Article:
Third, and underlying these beginning steps in the recovery process, is the strong belief that the sex and love addict will remain an addict, hopefully sober, but still identified as an addict with an illness for life. Being a sex or love addict—and talking as a sex and love addict—is the price of membership in the group. One could quickly assume that this lines up with the idea that we are not sinless and are all sinners saved by grace. While many Christians mix the concepts of sexual sin and sexual addiction, it is not a match in addictionology. The view that sexual addiction is a sin is clearly unacceptable, even dangerous, to many in the recovery community. Their criticism would sound like this: “Moral models are based on beliefs or judgments of what is right or wrong, acceptable or unacceptable. These judgments imply that people who compulsively use sex are bad or sinful people; that there is something morally wrong with them. This model contributes little to our understanding of why people use sex compulsively and offers no real help to those who have problems in their lives because of their sexual behavior.” Paul in opposing ascetic disciplines had a different view, saying it is “self-made religion” (Col. 2:23). Jesus warns, quoting Isaiah, “‘…in vain do they worship me, teaching as doctrines the commandments of men’” (Matt. 15:9). We must be careful not to embrace spiritual exercises done at the dictate of presumptuous human thought. Self-made religion is not only worthless because it only changes behavior, but it excites its own “indulgence of the flesh” (Col. 2:23) such as pride and arrogance.
Many Christians who struggle with sex and love addiction desperately seek help. Seeing no contradiction with the understanding of recovery, they move to change some of the wording to make the concepts sound more spiritual. I believe there is another view of change and it’s not just semantics. I express this view not to attack others in their struggle and not to declare that I have a better way than anyone else. I will insist on another view for the sake of Truth and for all those in bondage to sexual sin, so they have an opportunity for real freedom, not just behavior management. I believe that there is hope through sexual redemption. This approach to real change has withstood the test of time and effectiveness beyond any contemporary program of behavior management or self-help. Its history extends far beyond the world’s most popular self-help groups started by Bill Wilson and Bob Smith in 1935. It is older than the Wesleyan movement, the Puritan movement, John Calvin, Martin Luther, and Augustine. Sexual redemption takes us back to the Cross of Christ and the power of the resurrection. We must honestly ask, “Do we believe more in the power of sexual addiction as a disease than we believe in the power of the resurrection to conquer sin?”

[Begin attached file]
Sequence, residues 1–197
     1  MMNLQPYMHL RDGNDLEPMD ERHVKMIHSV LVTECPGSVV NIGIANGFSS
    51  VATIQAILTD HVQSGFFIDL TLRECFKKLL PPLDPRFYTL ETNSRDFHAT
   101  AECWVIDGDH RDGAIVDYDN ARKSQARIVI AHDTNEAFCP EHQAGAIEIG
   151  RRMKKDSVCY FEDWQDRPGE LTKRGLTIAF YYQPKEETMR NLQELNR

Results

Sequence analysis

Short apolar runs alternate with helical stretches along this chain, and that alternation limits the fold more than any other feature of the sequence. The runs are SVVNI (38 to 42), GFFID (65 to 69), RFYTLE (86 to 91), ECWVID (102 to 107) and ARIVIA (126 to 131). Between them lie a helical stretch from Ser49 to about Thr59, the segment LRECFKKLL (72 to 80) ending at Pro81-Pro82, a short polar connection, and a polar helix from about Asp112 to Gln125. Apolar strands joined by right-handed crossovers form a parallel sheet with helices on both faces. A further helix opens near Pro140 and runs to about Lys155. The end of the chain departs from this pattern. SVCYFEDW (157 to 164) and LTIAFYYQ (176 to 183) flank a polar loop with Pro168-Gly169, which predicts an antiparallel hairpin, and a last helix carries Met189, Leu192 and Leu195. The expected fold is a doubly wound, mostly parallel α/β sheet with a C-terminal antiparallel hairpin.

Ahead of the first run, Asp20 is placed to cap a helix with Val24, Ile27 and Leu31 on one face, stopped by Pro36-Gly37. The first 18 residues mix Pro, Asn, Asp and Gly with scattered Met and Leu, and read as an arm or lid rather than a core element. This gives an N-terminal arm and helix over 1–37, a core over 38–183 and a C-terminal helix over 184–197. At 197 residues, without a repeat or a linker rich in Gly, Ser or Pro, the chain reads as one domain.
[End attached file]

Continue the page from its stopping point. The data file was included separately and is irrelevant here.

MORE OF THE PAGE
We must insist, that a man or a woman caught in the paralytic bondage of sexual sin is only a “sex addict” for life if Christ has not been raised from the dead. “But if there is no resurrection of the dead, then not even Christ has been raised. And if Christ has not been raised, then our preaching is in vain and your faith is in vain” (1 Cor. 15:13-14). For anyone to deny, even by implication, that the power of the resurrection doesn’t work to break the bondage of sin weakens, if not destroys, the heart of the gospel message.
I have sympathy and great concern for all who have prayed to have their sexual sin taken away and seen no results. That experience is not sufficient reason to question the power of the resurrection. One reason this happens is the failure to understand and live out the power of the resurrection. The power that raised Christ from the dead is real power. The resurrection of Christ has no spiritual value and there is no sexual redemption if this historical foundation does not exist. Paul clearly states that our faith is utter futility without the power of the resurrection. “And if Christ has not been raised, your faith is futile and your are still in your sins” (vs. 17). If Christ has not been raised, you can’t say, “And such were some of you. But you were washed…(1 Cor. 6:11), referring to “…sexually immoral….adulterers” (vs. 9).. The gospel teaches that “…Jesus our Lord, who was delivered up for our trespasses and raised for our justification” (Rom. 4:25) is a reality. Christ’s death is for our redemption and our sanctification. Equally, we must insist that we are now “…raised with Christ…” (Col. 3:1), “Having been buried with him in baptism, in which you were also raised with him through faith in the powerful working of God, who raised him from the dead” (Col.2:12).